Chthonic Cosmovision and Goetic Facts

Many people who hear the word “GOETIA” immediately think in the first book of The Lesser Key of Solomon, but the Goetia is an ancient art whose roots can be traced back to Ancient Greece. Simply put, Goetia is the art of conjuring the spirits of the underworld or chthonic. One collection of books that every Goetic sorcerer must have is Jake Stratton-Kent’s Encyclopaedia Goetica, whose books are: The True Grimoire, a translation and revised edition of the Grimorium Verum, one of the most famous grimoires, Geosophia vol. I and II, which talks about the roots of Goetia and The Testament of Cyprian the Mage vol. I and II that speaks of the transition from the archaic Goetia to the Renaissance Goetia. As a Goetia practitioner, I consider that the concept of life beyond death and worldview that other practitioners should have is to believe in the underworld as the Aztecs, Incas or Greeks or even Sumerians believed.

As you can see, these cultures had in common that their worldview was based on a superior or divine world, destined to be the home of the gods, the world in the middle, which would be the Earth, and an underworld that is the place for the dead ruled by a designated entity (such as Hades, Mictlantecuhtli, Nergal, etc).

The curious thing about these cultures is that even the geography of their underworlds is similar. In the Aztec Mictlán we can notice many similarities with the Hades of the Greeks, starting with the boat of Charon and the Apanohuacalhuia river.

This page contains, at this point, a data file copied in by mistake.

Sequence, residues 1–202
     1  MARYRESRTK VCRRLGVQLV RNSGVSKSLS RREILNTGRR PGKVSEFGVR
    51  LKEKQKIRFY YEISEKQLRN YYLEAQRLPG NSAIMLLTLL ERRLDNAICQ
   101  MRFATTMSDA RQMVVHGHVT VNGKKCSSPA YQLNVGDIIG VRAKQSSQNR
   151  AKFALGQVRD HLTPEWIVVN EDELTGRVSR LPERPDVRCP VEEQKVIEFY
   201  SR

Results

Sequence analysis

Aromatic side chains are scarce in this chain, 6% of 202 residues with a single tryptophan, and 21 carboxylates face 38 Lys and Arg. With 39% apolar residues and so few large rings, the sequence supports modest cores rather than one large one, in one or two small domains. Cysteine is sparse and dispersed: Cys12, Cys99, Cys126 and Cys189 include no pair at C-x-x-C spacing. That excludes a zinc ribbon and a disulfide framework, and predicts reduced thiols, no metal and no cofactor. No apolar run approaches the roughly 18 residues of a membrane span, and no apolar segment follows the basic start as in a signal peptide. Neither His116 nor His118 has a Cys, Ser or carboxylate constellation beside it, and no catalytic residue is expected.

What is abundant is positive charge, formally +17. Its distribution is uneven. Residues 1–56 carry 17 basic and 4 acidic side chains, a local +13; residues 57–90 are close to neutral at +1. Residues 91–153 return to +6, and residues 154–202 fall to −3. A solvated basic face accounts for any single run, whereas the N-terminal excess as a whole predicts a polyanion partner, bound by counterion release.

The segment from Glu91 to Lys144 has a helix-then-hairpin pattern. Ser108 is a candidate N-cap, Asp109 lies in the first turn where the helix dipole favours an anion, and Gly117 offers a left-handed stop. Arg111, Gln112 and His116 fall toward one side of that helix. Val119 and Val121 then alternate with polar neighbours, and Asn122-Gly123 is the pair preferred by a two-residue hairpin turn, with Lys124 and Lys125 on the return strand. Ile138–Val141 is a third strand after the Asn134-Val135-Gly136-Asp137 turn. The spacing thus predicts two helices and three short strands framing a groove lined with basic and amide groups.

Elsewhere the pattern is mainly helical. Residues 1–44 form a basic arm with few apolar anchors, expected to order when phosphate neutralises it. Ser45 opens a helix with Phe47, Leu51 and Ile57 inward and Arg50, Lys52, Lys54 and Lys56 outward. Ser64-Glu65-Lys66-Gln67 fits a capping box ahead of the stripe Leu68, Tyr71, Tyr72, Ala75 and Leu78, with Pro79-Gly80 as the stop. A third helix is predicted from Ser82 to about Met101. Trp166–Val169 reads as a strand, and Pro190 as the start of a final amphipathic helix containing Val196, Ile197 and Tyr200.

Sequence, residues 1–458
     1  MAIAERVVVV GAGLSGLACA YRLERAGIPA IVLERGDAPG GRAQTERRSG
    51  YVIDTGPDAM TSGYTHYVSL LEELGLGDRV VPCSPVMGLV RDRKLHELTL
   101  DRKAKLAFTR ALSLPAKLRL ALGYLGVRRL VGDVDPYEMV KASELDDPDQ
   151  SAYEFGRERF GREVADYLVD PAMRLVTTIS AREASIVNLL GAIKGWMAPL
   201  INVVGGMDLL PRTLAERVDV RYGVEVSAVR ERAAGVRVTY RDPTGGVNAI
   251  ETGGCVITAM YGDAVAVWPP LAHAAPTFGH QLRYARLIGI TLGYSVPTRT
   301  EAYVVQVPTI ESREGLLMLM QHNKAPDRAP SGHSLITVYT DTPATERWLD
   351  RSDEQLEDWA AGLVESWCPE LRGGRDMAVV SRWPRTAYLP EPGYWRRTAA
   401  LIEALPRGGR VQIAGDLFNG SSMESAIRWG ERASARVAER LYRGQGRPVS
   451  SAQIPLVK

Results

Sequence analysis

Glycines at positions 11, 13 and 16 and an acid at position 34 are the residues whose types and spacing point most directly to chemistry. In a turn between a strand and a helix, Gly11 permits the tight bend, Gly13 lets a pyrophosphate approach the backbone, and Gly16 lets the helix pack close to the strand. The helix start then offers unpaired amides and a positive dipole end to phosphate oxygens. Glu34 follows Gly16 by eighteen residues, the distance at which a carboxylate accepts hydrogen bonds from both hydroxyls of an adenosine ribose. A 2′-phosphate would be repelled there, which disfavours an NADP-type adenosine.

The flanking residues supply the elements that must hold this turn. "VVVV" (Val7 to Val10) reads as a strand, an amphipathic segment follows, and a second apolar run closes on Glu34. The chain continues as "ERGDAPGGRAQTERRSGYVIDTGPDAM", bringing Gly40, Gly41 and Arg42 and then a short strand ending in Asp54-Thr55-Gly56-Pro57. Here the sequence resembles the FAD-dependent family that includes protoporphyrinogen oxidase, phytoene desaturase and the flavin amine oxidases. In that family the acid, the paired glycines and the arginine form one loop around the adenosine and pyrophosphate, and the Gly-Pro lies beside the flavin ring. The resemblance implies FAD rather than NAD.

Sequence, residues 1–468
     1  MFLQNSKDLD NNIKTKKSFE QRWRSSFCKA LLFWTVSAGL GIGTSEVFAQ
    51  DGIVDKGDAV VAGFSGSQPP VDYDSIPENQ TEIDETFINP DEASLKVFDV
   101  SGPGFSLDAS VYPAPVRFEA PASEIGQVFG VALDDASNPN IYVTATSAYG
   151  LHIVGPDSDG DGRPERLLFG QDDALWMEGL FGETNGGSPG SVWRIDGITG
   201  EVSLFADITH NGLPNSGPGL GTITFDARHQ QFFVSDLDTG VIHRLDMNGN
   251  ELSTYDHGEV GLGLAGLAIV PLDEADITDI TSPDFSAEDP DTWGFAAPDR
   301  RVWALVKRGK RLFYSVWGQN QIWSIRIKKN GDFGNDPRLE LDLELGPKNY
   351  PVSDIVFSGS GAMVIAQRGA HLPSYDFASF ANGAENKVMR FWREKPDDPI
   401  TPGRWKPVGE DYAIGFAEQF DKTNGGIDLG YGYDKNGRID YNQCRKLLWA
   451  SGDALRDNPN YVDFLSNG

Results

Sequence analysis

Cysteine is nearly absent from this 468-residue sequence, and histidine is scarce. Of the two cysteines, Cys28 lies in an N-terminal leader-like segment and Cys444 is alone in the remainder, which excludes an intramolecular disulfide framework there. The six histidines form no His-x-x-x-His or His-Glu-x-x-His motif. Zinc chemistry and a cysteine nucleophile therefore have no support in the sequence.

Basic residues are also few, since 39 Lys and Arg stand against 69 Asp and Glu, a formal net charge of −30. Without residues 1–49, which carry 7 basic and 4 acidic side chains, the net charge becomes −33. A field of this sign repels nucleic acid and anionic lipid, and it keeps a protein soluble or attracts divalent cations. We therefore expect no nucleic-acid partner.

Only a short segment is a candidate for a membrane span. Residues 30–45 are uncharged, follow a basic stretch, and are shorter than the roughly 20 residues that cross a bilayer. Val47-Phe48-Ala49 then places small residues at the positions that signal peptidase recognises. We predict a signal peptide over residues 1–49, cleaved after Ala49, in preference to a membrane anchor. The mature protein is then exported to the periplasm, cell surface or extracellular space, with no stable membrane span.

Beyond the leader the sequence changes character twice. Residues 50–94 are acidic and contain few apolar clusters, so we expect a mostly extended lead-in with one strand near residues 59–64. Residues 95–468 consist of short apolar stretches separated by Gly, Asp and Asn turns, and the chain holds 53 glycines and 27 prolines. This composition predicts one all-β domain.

It’s also similar in some aspects to the Norse world tree.

I agree, the older sources pre Solomonic are more interesting to me a well. I don’t approve of Solomonic methods personally, and I believe they are a corruption designed to obscure aspects of what’s true. Jake Stratton-Kent is a Solomonic magickian, so that means I don’t see eye to eye with everything he says, but I have enormous respect for him as a mage. I think it’s important to go back to sources that are as unperverted by Canaanite dogma as possible, to take out the blinds and interpret the metaphors correctly, and to an extent Jake Stratton-Kent does seem to do that.

I don’t believe in an “underworld” per se but I think I agree in the existence of various subtle spaces, liminal, purgatorial, mental, emotional, I think there’s room for all of it. I think this image is also metaphor, as is Yggdrasil, and not meant to be taken literally. I see it as the realms/planes underlying manifest/physical reality, more rarified, only accessible through the spiritual/sub consciousness and is energetically based. But the map works for the way spirits incarnate as humans think, and that’s it’s point. I think it doesn’t necessarily work well for spirits outside of humanity.


Nice reply! Yes, there are many “sub-spaces” if we can say it in one form.


Only case is the Norse didn’t have a concept of the underworld like other lores, Hel depending on the Source is part of Niflheim or a realm in it’s own, but in other lores the underworld wasn’t a separate realm like in Greek the underworld was literally under the earth.

Often they do have similarities, like Egypt and the 12 hours being the 12 layers or Aztec with the 12 layers.

then going into spg which aligns with some of these underworlds, and the vast layers but how Norse doesn’t have layers or the sense of an underworld, but only in a sense of understanding what the function of Helheim is they used the term underworld from an outside perspective, but within it they were simply considered part of the “outerworlds” while Asgard, Midgard (could be another) were inner worlds.


Duly bookmarked. Thank you.